Every so often, you read a headline proclaiming that chocolate is good for you, according to the latest study. Most people will be happy to run to the nearest store to get a bar of chocolate without remembering the old adage: If it’s too good to be true, it probably is. If you read the fine print (or the actual studies), you’ll likely see that the findings pertain to the health benefits of cacao, and not that milk chocolate bar you’re saving for cheat day.
Chocolate, cacao, cocoa…they’re all the same, right? Well, not exactly.
Cacao vs. Cocoa: What’s the Difference?
Some people use cacao and cocoa interchangeably, but technically speaking, they aren’t the same thing.
Cacao, cocoa, and chocolate all start the same way, as seeds in a pod hanging from the Theobroma cacao tree. These pods are harvested and broken open, and the seeds are left to ferment and dry. When these dried and fermented seeds are chopped up, you get cacao nibs, which are like a natural version of chocolate chips. Cacao nibs are the health food advocates’ guilt-free snack.
When the seeds are heated, the fatty portion that separates is called cocoa butter. This is the ingredient used in lotions, soaps, and chocolate. The rest of the beans are crushed and turned into cacao powder. If the beans are heated further to bring out a sweeter profile, the crushed version is called cocoa powder. When cocoa powder is treated with alkali, you get Dutch-process cocoa powder, a less-acidic ingredient found in many chocolate recipes. You can substitute one for the other in recipes.
While cacao powder is more nutrient-rich, the taste of cacao vs. the taste of cocoa is more bitter. On the other hand, cocoa powder may be more pleasing to the palette, but it may lose some of the health benefits of cacao during the heating process. And what about chocolate? If you’re using health as an excuse to snack on a chocolate bar, at least go for dark chocolate—this has fewer added ingredients (like sugar) that may not be so great for your health.
Health benefits of cacao and cocoa
Cacao is bursting with nutrients like magnesium, iron, potassium, calcium, zinc, copper, and manganese, but its health benefits don’t stop there. A review published in Current Opinion in Clinical Nutrition & Metabolic Care suggested that cocoa may have a role in everything from weight loss to neuron protection and mood enhancement. Some of the more specific health benefits of cacao and cocoa include:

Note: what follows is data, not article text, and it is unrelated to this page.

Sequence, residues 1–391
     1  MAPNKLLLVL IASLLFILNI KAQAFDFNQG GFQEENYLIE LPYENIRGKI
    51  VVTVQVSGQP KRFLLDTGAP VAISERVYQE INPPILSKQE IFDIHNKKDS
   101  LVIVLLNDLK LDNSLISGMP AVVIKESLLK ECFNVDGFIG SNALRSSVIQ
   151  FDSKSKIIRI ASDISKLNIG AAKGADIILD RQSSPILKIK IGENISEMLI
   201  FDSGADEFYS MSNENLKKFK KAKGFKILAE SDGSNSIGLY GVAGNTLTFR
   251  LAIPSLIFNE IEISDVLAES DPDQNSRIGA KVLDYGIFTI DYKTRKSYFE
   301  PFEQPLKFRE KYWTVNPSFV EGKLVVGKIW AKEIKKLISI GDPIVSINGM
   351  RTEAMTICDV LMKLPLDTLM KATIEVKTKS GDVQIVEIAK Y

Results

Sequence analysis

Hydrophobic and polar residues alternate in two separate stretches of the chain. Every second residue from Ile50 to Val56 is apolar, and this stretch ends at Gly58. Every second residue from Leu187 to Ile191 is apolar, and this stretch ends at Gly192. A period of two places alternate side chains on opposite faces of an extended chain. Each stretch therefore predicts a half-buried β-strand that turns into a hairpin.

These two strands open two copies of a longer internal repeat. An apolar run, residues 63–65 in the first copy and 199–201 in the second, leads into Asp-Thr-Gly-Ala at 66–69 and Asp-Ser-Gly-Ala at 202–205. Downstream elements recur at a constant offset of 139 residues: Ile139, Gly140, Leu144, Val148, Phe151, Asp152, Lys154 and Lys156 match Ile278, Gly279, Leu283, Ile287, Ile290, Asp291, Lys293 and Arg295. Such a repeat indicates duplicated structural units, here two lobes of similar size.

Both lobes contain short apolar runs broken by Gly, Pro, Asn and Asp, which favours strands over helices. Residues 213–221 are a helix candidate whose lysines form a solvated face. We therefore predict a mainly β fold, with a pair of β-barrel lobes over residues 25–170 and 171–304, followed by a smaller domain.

May help fight free radicals. Free radicals wreak havoc on the human body, causing everything from cancer to heart disease. Antioxidants have been found to combat these free radicals. In a study published in the Journal of Agricultural Food Chemistry, nonalkalized cocoa powder made from Ghanian cacao beans exhibited a higher antioxidant capacity compared to teas and red wine.
May help prevent heart disease. Studies suggest that the flavonoid content of cocoa lowers blood pressure, improves blood vessel flexibility, and improves blood cholesterol profile, which means cocoa may be good for cardiovascular health.
May help treat type 2 diabetes. Researches from Brigham Young University in the U.S. found that a compound in cocoa can help boost insulin production and control blood sugar levels. But in an interview, study author Jeffery Tessem warned that this doesn’t mean diabetes patients should start eating more chocolate. The study team is instead looking for ways to extract the compound from the cocoa to develop future diabetes treatment.
May improve brain function and put you in a better mood. A review published in the British Journal of Clinical Pharmacology reviewed the ways in which the antioxidants and flavonoids in cocoa powder and chocolate can improve cognitive abilities and induce positive effects on mood—which means science supports what we’ve known all along: Chocolate makes you happy!
In a nutshell: Cacao and cocoa both come from the same source—cacao beans. Cacao beans are processed into cacao nibs, cacao butter, and cacao powder. When cacao is processed further and roasted at a high temperature, the result is cocoa. The additional processing adds a layer of sweetness to cocoa, making it more appealing to those with a sugar tooth, but this processing also may some of the benefits of cacao beans. There are still no studies that pinpoint if baking either cacao or cocoa further reduces its nutritional value.
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Navitas Cacao Nibs
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